Angela stopped playing with the door and motioned for the driver to continue down the street. "Hey, you should be more worried about me escaping. Keep this car moving or else I may very well change my mind about you for real. Your silver tongue can't keep me here forever. At some point we are going to part ways, and then you will be sorry you didn't keep a firmer grip." She looked at Fernando's smiling face, knowing full well she wasn't about to leave anytime soon. Something about him made her completely at ease; she had never felt so comfortable with another human being. She felt as though she could say anything to him, and he would appreciate it if only because it came from her. It was strange, considering she had known him only for a very short time. Thinking this, she suddenly wanted to capture a mental picture of the emotion of this moment, something she could hold onto long after it was all over. In her mind she wanted this car ride to last like this forever, the road to the mountain stretching out infinitely in front of them, their whole future ahead in the distance, waiting for them to arrive. For nothing to change, that was what she wanted. She felt perfectly happy.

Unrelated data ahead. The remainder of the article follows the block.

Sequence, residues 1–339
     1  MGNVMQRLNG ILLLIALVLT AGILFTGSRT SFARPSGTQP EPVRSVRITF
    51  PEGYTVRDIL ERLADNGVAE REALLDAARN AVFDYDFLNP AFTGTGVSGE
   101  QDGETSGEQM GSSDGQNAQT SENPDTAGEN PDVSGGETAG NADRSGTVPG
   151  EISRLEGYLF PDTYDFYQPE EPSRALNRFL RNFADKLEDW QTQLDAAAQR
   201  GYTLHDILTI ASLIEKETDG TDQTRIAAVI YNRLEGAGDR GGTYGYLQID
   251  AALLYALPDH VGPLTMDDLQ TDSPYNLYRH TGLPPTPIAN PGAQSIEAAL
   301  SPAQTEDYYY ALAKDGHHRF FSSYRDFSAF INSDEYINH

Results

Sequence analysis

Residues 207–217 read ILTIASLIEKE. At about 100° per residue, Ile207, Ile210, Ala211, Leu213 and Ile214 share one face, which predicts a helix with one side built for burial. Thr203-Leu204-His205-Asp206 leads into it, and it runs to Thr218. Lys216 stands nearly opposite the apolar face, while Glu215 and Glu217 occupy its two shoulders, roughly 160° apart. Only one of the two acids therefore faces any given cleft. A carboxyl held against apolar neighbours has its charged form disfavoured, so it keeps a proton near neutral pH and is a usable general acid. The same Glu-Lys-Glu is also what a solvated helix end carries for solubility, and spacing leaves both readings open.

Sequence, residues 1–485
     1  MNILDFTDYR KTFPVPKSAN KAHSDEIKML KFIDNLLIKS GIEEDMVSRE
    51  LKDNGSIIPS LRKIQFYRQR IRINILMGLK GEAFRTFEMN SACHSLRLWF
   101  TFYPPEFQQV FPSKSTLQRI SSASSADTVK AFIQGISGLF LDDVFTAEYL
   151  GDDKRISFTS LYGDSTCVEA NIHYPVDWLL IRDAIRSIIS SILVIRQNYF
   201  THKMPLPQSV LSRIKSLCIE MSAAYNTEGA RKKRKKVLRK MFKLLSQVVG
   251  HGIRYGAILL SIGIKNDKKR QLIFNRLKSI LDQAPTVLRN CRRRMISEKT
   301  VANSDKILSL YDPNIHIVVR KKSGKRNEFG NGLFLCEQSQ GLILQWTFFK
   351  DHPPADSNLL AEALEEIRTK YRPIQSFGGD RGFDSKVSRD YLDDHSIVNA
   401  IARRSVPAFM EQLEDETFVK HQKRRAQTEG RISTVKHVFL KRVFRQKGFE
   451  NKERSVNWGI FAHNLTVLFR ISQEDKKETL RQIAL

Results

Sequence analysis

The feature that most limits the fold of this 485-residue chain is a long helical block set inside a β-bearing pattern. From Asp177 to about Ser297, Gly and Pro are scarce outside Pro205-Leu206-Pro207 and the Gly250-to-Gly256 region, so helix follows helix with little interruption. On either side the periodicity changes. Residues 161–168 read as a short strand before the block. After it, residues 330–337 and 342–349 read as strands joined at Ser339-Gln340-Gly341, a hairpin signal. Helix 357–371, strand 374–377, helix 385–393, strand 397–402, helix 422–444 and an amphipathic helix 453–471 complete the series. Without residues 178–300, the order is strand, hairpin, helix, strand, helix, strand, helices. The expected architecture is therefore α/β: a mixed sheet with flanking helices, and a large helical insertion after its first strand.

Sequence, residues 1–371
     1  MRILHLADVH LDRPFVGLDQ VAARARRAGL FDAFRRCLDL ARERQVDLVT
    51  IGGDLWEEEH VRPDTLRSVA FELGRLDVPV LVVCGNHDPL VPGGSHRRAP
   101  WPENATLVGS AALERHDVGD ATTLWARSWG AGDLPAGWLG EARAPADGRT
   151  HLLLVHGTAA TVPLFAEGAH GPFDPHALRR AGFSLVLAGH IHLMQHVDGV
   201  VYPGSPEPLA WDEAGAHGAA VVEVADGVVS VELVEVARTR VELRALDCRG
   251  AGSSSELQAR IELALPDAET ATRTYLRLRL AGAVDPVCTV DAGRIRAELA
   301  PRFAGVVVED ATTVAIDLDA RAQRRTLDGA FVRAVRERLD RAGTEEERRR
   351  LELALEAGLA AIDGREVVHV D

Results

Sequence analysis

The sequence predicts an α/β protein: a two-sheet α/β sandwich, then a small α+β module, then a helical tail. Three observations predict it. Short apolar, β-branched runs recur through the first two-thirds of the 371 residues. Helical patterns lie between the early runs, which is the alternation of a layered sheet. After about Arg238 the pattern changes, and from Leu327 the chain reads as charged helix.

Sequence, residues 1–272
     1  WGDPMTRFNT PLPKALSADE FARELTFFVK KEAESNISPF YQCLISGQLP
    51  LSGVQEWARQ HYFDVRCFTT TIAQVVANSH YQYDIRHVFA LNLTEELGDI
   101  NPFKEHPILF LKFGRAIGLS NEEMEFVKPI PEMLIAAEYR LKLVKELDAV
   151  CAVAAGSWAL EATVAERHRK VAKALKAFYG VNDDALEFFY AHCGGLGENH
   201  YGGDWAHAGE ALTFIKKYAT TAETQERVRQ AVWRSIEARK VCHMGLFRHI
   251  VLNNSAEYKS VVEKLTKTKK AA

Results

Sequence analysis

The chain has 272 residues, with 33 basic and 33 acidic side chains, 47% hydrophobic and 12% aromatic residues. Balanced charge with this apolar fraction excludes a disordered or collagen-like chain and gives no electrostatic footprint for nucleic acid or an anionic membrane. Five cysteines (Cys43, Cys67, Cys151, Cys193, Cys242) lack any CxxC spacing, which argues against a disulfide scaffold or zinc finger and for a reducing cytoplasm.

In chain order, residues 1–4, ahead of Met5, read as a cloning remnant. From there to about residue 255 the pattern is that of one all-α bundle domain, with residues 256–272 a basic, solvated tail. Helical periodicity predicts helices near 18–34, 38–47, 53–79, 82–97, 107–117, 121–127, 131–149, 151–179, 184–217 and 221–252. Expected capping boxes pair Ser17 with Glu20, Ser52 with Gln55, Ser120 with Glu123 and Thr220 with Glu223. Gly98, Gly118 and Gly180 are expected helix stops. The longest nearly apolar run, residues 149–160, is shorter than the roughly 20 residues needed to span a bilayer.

"Despite my comment about God," continued Fernando, "I am not a religious man, at least not in any organized sense. Like most Mexicans, I feel connected to the earth and the ancient traditions of the first Mexicans, those that the Spanish called the Aztecs, but who called themselves Mexican."
"Oh, great," laughed Angela. "Now you're going to sacrifice me to some Aztec Calendar God. I'll bet there's some kind of ritualistic temple on this mountain where the ceremonial Alter of Sacrifice sits. Am I right?" She imagined herself flung down into some kind of fiery pit as Fernando, dressed in traditional Aztec fashion, laughed maniacally. The idea actually appealed to her in some strange, masochistic way. Well, maybe not the part about getting burned.
"Hmmmm...I guess it's my turn to threaten to call this thing off. I would have hoped that an intelligent woman such as yourself would not so easily subscribe to such obvious stereotypes." Fernando made an exaggerated pantomime of trying to exit the car and still drive it at the same time. "But in the meantime, let's get back to philosophy."
"No," said Angela, smiling. "No back, only forwards with us, forward into the unknown." The car started to climb the edge of the mountain, the two passengers suddenly quiet for a few moments. But only a few.
"If there is no God," said Fernando, "and if there is no philosophy, then what is the meaning of life? I have a feeling that you can help me with this question, so I am sitting over here in the left side of the car anxiously awaiting your response. No pressure, just take your time. You know where to find me." With that he straightened his body that had been half-turned towards her and faced the wheel with hands at two and ten and newfound determination, as if he felt it was going to take her a while to compose her thoughts. But he betrayed his own stance when he couldn't help but glance over at her after a few seconds, wondering why she hadn't immediately come back at him with a quick smart-assed retort.